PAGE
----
Austerity: Two, Three, Many Campaigns

Ian Parker examines campaigns and alternatives.


The Conservative government, the Tories, don’t care about us. Their lives, and the lives of those they mix with through family ties and business networks, are very different from the lives of those who are being told to pay for this crisis. You don’t need conspiracy theories to understand how it is that those in the top one per cent deal with crisis and have fixed a budget that benefits them.

They don’t need a National Health Service because they can pay for private medicine, for example, and so they have no personal interest in keeping the NHS going. They have some political interest in it, of course, because they need a healthy workforce and they need to respond to protests against it being dismantled, and some of them honestly believe that there should be a safety net for the poor, for those who can’t pay for health.

But that brings us to another aspect of the crisis that we have to deal with. Tories pump out stories about the NHS failing, and it is under real pressure, and that has, among other things, the deliberate effect of driving people into taking out private health insurance. We see here just one instance of how, because of the way they live their lives, they honestly believe that this is how everyone should live their lives. Their ideas are the ruling ideas.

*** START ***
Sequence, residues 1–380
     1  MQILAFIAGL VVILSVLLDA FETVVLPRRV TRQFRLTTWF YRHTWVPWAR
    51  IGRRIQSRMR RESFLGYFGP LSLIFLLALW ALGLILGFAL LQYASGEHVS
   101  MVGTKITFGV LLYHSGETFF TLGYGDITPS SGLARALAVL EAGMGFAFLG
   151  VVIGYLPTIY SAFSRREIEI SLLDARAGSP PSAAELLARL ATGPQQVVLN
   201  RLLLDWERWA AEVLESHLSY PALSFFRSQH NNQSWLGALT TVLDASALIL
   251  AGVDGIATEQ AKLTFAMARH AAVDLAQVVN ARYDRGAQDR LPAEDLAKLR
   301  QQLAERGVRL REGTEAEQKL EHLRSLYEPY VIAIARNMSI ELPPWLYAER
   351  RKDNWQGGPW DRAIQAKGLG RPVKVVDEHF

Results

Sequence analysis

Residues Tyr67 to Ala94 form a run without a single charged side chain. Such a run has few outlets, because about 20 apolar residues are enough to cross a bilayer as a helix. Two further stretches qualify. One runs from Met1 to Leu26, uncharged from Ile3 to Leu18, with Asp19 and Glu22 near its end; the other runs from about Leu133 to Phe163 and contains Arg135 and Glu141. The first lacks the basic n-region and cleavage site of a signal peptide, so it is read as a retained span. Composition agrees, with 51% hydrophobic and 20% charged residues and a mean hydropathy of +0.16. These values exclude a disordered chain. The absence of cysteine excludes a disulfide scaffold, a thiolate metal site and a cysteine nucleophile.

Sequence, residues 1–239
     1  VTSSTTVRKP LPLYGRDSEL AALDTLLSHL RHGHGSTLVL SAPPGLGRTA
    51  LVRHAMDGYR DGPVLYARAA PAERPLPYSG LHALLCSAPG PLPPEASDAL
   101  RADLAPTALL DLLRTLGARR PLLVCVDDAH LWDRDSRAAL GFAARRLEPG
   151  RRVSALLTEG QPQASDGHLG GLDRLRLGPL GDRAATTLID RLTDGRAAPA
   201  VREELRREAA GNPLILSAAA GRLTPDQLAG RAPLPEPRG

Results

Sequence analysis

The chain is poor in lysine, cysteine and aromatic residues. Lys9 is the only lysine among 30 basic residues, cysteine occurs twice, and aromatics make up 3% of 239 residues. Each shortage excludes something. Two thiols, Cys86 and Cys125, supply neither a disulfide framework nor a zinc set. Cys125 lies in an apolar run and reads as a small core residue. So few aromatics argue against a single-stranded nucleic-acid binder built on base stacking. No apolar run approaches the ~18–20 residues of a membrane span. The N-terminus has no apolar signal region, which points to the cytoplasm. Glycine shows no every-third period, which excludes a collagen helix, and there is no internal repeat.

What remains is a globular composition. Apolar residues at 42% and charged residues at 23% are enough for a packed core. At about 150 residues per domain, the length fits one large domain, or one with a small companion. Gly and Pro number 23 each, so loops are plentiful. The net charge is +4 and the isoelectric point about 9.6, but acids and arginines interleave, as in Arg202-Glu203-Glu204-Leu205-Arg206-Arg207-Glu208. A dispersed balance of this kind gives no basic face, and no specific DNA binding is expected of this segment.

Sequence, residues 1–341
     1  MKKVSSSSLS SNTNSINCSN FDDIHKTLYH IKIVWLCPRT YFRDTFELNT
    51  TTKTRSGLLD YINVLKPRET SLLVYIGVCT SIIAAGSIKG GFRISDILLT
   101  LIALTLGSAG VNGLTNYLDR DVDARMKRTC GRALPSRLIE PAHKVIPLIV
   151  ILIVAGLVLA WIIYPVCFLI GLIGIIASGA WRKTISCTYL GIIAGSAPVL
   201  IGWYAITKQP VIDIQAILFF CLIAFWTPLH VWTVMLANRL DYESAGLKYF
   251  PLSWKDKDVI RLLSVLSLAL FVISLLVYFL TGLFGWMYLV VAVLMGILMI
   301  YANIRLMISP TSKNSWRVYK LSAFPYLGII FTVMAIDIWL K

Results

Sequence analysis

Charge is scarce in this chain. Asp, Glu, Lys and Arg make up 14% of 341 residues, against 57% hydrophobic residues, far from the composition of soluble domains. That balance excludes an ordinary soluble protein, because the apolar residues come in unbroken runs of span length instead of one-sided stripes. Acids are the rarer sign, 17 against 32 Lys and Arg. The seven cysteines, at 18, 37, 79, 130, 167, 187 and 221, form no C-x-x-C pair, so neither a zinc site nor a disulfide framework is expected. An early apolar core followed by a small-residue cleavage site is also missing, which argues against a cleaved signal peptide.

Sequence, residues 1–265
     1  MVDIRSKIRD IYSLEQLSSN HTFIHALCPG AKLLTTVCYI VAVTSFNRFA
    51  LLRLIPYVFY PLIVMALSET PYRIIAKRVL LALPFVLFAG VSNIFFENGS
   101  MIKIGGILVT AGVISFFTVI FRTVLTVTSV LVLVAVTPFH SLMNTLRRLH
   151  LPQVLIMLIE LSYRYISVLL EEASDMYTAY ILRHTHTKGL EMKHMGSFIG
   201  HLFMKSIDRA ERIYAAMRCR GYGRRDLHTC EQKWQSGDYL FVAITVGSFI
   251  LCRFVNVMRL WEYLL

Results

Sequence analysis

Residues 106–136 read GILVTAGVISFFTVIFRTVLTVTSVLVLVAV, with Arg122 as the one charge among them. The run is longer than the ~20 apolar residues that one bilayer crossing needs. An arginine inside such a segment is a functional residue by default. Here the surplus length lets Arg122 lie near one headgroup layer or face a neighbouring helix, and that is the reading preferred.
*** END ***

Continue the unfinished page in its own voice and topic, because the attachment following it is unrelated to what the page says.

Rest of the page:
Austerity and propaganda

So, we have two aspects of the crisis that lay bare what revolutionary Marxists have always argued. The ruling class and the capitalist state represent their interests, which are designed to protect their interests, pushing austerity and propaganda. The rich can pay, they can afford it, but we cannot; that is austerity. And the rich will tell us that this is the only way things can be, that there is no alternative; that is propaganda.

This propaganda, ideology as the ruling ideas that are always the ideas of the ruling class, was neatly summed up by a comrade, now no longer with us, Mark Fisher, in the phrase ‘capitalist realism’. We are faced with an intense barrage of ideology about the causes of the crisis and about who must pay; the underlying assumption is that this is basic reality; you can’t buck reality, you must bend to it, and so to be realistic you must play by the rules of capitalism. And, even more so since the fall of the Berlin Wall, that seems to be the case; capitalism seems to be the only game in town.

Capitalism as a political-economic system thus sets the ground rules for how we respond to crisis and distress, austerity and poverty. This capitalist realism makes it seem like, with the climate crisis that is actually driven by capitalist exploitation of nature also hitting us, it is easier to imagine the end of the world than to imagine the end of capitalism. You don’t need to explicitly consciously agree with that for capitalist realism to operate as taken-for-granted assumptions and practices that help us make sense of what is happening to us now.

This ideology, this propaganda, is a material force, operating alongside austerity. It makes us feel more hopeless and more miserable and sometimes makes us feel that it is somehow our fault, that we are not working hard enough, economising enough, or being positive enough. Everything is down to us, and on top of everything else, in these times of neoliberal capitalism, it is down to us as individuals. No wonder the crisis is making us sick, making us feel even more desperate and unable to do anything.